Last Updated on May 30, 2023
What Is a Homebrew Race?
In D&D 5e and in all the editions that predate it, homebrew has been an important part of expanding the worlds we explore. Homebrew content in general is any content created by a member or members of the community, with homebrew races, in particular, being non-official character races for 5e.
There are actually a lot of character races that have become part of the official play materials for D&D 5e, but in the beginning, there were only nine races to choose from. Even if you wanted to play an Orc, you’d have to come up with your own stats, features, and, if you’re feeling frisky, a description.
Now there are over 40 races, but that still means there are options out there that aren’t represented in official 5e rules. That’s where you come in! If you want to play a custom race in D&D 5e, all you have to do is create one.
In fact, creating a race for 5e is a lot easier than you might think. Even if you don’t want to take the easy route like WotC did with their playable races in Mordenkainen Presents: Monsters of the Multiverse, there are only a few things you really need to consider, which we’ve listed below:
- Ability Score Increases
- Creature Type
- Racial Traits
Enough talking though; let’s make a race!
Creating a Homebrew Race for D&D 5e
In this guide, we’re going to take you through the process of creating a race that fits the basic balancing of official 5e races. We encourage you to come up with your own idea for a race so that you can take it through the process alongside our example.
Like with any homebrew, we want to remember the framework on top of which we build. Since there are so many races in 5e already, we want to try to use them as templates whenever we can. Doing this will almost ensure that we end up with a character that feels balanced and integrated into 5e while still being a completely unique character option.
Homebrew Race Descriptions
We’re starting with our concept, which will quickly become the actual description we utilize in our final product. We’ll be going with an Awakened Skeleton, but before we actually get into the description, we want to talk about the different ways you can come up with your own new race.
- Awakened NPC – Taking an otherwise unplayable character and making it playable.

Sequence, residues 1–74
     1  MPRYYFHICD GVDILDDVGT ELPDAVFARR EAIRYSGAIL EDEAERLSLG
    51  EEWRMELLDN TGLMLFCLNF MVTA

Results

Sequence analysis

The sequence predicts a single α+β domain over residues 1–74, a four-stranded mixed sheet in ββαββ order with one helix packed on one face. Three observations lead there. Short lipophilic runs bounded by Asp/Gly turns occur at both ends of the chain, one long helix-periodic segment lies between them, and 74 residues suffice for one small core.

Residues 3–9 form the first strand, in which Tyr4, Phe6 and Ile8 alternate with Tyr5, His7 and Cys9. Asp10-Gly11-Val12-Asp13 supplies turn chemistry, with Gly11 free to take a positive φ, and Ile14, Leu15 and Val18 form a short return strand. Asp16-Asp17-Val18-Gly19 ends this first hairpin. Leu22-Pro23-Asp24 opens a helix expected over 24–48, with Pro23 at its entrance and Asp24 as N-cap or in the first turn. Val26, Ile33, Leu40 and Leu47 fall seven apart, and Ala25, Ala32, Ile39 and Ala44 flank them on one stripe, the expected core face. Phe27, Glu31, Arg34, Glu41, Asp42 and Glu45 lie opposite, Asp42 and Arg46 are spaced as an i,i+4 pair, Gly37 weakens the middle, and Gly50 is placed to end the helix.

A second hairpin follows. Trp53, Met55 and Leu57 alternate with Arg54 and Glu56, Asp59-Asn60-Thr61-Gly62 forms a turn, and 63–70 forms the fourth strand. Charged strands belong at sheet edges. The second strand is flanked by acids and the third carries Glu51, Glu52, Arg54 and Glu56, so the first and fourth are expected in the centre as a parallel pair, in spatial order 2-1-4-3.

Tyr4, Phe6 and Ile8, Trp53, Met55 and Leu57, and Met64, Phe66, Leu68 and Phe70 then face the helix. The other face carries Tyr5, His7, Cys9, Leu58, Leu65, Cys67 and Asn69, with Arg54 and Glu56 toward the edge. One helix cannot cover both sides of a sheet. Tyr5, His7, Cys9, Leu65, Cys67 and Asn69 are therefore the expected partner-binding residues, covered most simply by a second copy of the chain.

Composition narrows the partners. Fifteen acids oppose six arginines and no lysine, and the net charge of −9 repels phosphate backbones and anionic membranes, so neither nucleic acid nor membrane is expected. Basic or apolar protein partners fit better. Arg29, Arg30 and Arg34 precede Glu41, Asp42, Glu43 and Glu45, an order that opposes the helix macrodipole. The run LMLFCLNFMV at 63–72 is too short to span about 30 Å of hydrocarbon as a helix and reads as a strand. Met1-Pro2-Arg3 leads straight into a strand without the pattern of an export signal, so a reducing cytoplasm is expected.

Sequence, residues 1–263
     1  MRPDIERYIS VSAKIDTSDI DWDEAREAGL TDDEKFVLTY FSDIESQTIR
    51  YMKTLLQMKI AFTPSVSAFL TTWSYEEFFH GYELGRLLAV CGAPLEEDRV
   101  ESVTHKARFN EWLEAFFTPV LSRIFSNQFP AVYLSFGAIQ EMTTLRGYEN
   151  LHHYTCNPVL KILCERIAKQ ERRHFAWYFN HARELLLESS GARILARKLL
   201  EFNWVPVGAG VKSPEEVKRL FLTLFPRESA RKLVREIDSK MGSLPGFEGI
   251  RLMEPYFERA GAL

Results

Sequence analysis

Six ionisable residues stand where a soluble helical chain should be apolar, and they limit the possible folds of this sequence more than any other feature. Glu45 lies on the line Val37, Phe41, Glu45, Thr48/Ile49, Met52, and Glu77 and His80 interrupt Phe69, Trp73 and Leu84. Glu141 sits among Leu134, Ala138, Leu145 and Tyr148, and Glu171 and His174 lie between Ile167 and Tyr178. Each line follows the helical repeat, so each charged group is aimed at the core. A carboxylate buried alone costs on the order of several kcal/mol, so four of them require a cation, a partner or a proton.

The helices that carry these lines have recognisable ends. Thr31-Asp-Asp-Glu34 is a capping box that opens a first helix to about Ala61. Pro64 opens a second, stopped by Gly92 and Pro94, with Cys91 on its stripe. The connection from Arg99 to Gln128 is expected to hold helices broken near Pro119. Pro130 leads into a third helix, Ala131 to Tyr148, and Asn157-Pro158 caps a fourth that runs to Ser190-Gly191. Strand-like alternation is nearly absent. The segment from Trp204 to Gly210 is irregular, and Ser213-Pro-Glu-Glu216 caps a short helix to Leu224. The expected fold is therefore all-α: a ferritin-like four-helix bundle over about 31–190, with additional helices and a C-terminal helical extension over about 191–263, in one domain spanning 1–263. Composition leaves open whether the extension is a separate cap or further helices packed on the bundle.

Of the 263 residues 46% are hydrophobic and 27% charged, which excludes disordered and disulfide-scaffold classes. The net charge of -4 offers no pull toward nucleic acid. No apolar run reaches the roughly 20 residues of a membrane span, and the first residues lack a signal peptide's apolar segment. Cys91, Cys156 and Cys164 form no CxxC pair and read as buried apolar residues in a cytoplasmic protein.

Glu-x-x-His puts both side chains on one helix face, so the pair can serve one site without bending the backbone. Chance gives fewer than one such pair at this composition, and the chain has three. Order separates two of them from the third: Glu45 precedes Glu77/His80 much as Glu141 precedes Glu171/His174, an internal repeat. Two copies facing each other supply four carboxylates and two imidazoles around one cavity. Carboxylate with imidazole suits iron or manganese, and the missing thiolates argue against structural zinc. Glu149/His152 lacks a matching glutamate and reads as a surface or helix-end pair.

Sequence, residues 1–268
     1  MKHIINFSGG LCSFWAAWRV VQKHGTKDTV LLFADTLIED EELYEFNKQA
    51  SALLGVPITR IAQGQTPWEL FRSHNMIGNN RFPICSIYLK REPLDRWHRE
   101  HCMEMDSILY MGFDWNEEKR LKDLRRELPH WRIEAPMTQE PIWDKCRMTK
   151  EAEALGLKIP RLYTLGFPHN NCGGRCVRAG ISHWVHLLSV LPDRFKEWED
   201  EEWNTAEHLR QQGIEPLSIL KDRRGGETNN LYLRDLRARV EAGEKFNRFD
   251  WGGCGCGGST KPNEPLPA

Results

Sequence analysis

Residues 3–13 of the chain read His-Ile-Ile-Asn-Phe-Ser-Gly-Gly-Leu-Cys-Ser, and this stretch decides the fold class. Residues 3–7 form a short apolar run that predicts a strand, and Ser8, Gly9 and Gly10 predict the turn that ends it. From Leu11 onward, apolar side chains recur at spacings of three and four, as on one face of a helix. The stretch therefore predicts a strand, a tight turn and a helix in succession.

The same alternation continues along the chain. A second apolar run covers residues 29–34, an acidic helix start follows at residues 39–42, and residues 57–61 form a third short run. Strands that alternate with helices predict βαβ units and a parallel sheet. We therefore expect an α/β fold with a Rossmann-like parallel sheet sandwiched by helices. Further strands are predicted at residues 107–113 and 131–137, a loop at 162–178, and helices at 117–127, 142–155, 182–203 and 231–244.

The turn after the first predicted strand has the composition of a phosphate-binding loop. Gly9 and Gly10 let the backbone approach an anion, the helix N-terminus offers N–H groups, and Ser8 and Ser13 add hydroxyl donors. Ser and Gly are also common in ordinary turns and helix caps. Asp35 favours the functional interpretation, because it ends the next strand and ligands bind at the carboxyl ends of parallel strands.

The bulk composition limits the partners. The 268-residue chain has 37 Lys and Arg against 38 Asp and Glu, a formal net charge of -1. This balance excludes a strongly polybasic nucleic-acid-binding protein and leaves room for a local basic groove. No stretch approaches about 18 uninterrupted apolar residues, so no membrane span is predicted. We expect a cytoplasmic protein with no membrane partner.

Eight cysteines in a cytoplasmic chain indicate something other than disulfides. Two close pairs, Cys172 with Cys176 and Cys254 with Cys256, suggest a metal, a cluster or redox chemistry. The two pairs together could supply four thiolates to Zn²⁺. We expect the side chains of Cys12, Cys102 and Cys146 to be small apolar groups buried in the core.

- Subraces – Modifying a current race by either creating a subrace or a similar race that evolved differently. Elves are a great example of both of these processes.
- Otherworldly Races – Creating a playable 5e race for a creature or species from another property (Gungans, Klingons, Istari, etc.).
- New Creations – Creating something entirely unique that you think would be fun to play.
We’re using the first option today, taking your ordinary skeleton and making them into a playable race. Often, creators will use the term awakened for any sort of character that doesn’t typically have enough intelligence to be playable.
There’s also the X-folk (Rabbit-folk, Sloth-folk, Pangolin-folk, etc.) terminology that is often used to describe the sort of intelligent beasts you’d see in Chronicles of Narnia or similar IPs. The same concept is present, but it’s a naming convention that can make your race instantly understandable to others.
For our Awakened Skeleton, the description is pretty simple. We want a skeleton that has been magically gifted the intelligence to be able to talk, walk, and, for some reason, have a thirst for adventure.
The rest comes down to creativity. We can go a lot of ways with a description, but we should remember that anything we include can affect the traits we choose later on. Here’s the description we came up with.
Many people think that skeleton warriors are simply puppets being commanded by powerful necromancers. While that is often the case, all the greatest necromancers know it’s far easier to reach into the astral plane and bind fragments of wayward souls to the bones.
The result is often an aimless creature with a muted desire to kill. Sometimes though, the soul’s essence is so strong that the skeleton develops an entire personality of its own. Any necromancer worth their salt will kill these and try again, but on very rare occasions, some necromancers won’t care to expend the effort, leaving an Awakened Skeleton to fend for itself and, if it’s lucky, go on to be a real adventurer.
We could go on and on as much as we want, but this is enough to set a bit of the tone and, more importantly, give our new race a reason to exist in the world.
Basic Stats for a Homebrew Race
Everything between descriptions and racial traits is what we’ll classify as the basic stats of a creature. These can certainly have an impact on the game, but they aren’t hard to land on, so let’s run through them real quick.
Ability Score Increases – Once the hardest thing to decide on, Ability Score Increases give you a bonus to your Ability scores during character creation. The general formula is to choose either +2 in one stat and +1 in another or +1 in three stats.
Now, you can just pass that formula down the line to your players so they can simply decide whatever works with their class and desired character. Of course, if you want, you can set your own ASI, and you can even make modifications to the formula (like throwing a -1 to a stat that your race shouldn’t be great at).